14. I removed the old Magnum 500 rims and white outline tires and put on my set of Keystone Klassic gold anodized wheels with BF's that I took off the 67 Cuda. I paid $400. for the complete set about 8 years ago (used, from a guy in Tennessee) and put about 3000 miles on 'em since then.

    They look a LOT better than the old stuff that was on there.......and while I had the backs off, I painted the rear drums (you can see 'em through the Keystones). I'll do the springs and other stuff when I swap out the rear later on. Probably gonna pick-up a decent used 8-1/4 for it.
     
  15. Looks like a good start. I'll be checking in on this one.:coffee2:
     
  16. Well, I finally got the seats stripped, and the foams look good......that's a BIG expense if they were torn up.......All they need is new covers.

    I brushed and cleaned the lower seat frames, baked 'em in the sun, and hit them thoroughly with "rust cap" hammered enamel.......Baked it on in the sun, and it's a clean hard finish. Did the same with the seat tracks.
     
  17. Hey Tom, that is a cool Duster. I like the options and the bright color combo works with the car. I think your church fund will get a boost from the sale when you are done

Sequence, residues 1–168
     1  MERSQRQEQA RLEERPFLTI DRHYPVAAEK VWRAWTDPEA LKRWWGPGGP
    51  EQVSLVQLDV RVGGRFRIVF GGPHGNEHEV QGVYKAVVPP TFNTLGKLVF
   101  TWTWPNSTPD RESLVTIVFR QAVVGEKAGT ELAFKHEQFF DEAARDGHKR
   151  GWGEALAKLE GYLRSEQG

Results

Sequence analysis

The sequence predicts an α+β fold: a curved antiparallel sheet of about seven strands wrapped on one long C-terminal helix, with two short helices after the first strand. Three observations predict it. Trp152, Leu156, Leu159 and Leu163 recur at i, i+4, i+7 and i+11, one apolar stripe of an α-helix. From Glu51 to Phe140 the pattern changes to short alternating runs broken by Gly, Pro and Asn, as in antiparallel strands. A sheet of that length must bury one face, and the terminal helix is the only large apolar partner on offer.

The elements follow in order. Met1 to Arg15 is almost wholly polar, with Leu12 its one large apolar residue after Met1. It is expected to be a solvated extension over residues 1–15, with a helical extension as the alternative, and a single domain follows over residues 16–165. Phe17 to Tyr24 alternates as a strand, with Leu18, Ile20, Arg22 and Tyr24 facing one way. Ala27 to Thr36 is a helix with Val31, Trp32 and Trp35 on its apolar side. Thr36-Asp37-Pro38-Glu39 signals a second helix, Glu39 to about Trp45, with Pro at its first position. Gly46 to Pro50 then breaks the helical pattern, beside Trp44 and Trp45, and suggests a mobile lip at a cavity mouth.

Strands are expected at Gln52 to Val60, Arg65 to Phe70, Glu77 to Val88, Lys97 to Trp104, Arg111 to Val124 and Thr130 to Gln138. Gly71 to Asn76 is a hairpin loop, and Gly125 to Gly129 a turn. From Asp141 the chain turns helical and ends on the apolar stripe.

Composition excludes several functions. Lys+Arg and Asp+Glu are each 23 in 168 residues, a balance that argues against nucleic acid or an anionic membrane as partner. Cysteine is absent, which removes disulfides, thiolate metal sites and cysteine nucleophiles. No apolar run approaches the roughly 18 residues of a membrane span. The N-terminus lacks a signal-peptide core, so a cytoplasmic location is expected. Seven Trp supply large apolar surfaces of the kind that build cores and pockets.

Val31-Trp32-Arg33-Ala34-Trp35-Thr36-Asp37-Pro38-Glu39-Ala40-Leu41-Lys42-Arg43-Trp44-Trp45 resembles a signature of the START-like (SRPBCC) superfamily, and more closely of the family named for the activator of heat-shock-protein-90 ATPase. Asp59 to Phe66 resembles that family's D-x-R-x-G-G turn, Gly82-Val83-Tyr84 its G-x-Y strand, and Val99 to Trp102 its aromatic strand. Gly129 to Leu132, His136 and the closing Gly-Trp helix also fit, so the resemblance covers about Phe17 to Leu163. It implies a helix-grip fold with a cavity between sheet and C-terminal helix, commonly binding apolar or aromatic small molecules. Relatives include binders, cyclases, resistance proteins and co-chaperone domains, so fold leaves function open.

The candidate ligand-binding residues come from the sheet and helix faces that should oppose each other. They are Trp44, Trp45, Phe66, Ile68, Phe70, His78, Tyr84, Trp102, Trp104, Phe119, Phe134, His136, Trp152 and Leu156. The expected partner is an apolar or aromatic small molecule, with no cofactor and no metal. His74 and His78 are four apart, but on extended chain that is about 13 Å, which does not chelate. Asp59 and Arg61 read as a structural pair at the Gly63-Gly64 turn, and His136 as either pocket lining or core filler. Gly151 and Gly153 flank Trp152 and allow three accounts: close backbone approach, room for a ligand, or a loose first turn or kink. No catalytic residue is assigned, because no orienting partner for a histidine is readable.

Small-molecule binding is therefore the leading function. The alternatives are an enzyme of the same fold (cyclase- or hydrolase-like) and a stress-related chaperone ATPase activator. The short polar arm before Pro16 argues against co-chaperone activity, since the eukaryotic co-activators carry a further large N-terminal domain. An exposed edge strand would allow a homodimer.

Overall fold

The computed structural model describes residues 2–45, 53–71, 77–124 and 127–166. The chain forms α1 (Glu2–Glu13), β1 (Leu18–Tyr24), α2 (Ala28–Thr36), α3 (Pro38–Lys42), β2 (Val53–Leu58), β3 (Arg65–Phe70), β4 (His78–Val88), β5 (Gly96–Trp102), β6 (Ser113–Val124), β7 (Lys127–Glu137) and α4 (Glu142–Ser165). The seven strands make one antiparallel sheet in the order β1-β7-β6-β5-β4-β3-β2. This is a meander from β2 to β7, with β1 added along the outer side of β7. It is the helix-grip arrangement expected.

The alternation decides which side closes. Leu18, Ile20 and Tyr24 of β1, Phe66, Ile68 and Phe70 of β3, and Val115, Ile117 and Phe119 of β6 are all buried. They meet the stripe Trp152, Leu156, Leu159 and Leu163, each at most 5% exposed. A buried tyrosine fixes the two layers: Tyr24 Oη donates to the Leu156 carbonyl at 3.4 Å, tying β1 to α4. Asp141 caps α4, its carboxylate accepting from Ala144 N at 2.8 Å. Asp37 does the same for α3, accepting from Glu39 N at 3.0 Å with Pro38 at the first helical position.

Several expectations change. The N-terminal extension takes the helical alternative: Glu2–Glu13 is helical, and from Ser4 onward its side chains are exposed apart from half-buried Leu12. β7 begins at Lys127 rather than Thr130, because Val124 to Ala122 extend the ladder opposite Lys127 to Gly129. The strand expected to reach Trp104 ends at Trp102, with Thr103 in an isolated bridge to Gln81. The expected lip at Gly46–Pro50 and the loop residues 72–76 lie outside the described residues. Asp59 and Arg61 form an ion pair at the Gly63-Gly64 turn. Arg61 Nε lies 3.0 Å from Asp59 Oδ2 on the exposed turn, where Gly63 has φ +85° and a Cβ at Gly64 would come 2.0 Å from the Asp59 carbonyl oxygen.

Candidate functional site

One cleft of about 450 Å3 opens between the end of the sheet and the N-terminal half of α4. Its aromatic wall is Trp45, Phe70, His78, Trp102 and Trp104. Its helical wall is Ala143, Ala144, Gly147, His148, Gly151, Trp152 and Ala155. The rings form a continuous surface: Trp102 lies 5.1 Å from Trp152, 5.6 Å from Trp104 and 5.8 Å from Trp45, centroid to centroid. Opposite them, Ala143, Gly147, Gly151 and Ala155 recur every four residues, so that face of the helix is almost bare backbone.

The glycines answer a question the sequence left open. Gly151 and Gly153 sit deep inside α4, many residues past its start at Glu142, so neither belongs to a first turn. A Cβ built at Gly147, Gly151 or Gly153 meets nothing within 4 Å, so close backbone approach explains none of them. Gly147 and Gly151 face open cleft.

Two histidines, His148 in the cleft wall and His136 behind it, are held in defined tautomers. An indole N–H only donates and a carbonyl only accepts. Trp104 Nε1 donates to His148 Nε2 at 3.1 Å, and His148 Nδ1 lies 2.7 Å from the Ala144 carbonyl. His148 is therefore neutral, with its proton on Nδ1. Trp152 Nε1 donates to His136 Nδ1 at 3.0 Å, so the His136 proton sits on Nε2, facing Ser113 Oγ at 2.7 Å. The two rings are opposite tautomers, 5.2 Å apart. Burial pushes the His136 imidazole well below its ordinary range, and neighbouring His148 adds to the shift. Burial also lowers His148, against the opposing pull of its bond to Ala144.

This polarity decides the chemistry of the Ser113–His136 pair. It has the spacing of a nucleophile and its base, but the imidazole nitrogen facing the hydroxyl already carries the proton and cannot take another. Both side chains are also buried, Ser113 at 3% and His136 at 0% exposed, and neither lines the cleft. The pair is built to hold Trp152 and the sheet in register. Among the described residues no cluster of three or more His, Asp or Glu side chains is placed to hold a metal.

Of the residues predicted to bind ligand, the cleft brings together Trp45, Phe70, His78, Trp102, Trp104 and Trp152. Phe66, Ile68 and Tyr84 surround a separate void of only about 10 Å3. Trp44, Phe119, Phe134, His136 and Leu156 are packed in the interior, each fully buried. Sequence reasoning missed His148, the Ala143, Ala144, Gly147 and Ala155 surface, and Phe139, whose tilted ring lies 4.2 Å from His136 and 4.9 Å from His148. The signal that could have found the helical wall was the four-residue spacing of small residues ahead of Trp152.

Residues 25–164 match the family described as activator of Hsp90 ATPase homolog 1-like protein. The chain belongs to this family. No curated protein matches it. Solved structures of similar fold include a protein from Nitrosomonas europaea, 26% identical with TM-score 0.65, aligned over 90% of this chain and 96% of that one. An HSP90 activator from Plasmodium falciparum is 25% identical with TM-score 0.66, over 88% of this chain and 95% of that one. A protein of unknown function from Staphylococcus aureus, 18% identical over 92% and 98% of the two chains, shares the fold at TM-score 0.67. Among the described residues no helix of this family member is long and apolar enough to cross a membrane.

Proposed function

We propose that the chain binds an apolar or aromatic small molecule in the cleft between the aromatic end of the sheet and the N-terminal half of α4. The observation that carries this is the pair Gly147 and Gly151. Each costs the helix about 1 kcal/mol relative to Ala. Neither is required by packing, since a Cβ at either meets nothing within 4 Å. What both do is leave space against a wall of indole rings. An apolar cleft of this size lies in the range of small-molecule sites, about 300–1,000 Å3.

18. I like the car, and unless you plan going radical on the engine or unless you just happen to have a 8 1/4 or 8 3/4 sitting around I would leave the 7 1/4 be.
     
  19. When they painted this car a few years back, they didn't paint the door jambs or trunk, etc......a real back yard buck savin' mess fer' sure.

    I painted and cleared the jambs previously, and today, I finished around the trunk lid area.........new weatherstrip'll go on tomorrow.........I did base/clear as before. The inside of the trunk floor and well has been prepped, and it's ready for paint.......but it ain't gettin' lime green.....instead, it will get semi-g black base after some rust preventive (not undercoating).....that way, any subsequent owner who wants to restore that area has an easy fix. When it's finished, it'll get a "tip-up" wood floor-board and wall to wall carpet to match the load deck.
     
  20. Both the trunk lid and the hood were different colors inside......The hood came from a black car, and the trunk from a bronze........To save cash (remember, this thread is about saving money and still doing a nice job on an enthusiasts resto in your4 back yard or garage), the inside surfaces were sanded (320) and cleaned with prep solvent, blown out thoroughly with air, and then given a coat of Dupli-Color universal black metallic....It's a lacquer base, so it grabs hold nicely and dries fast....looks like a "hot rod black", but with a "sheen" from the metallic. Since this car will have semi-gloss black accents, it'll do nicely for these surfaces.....and it's very forgiving on scratched or uneven surfaces.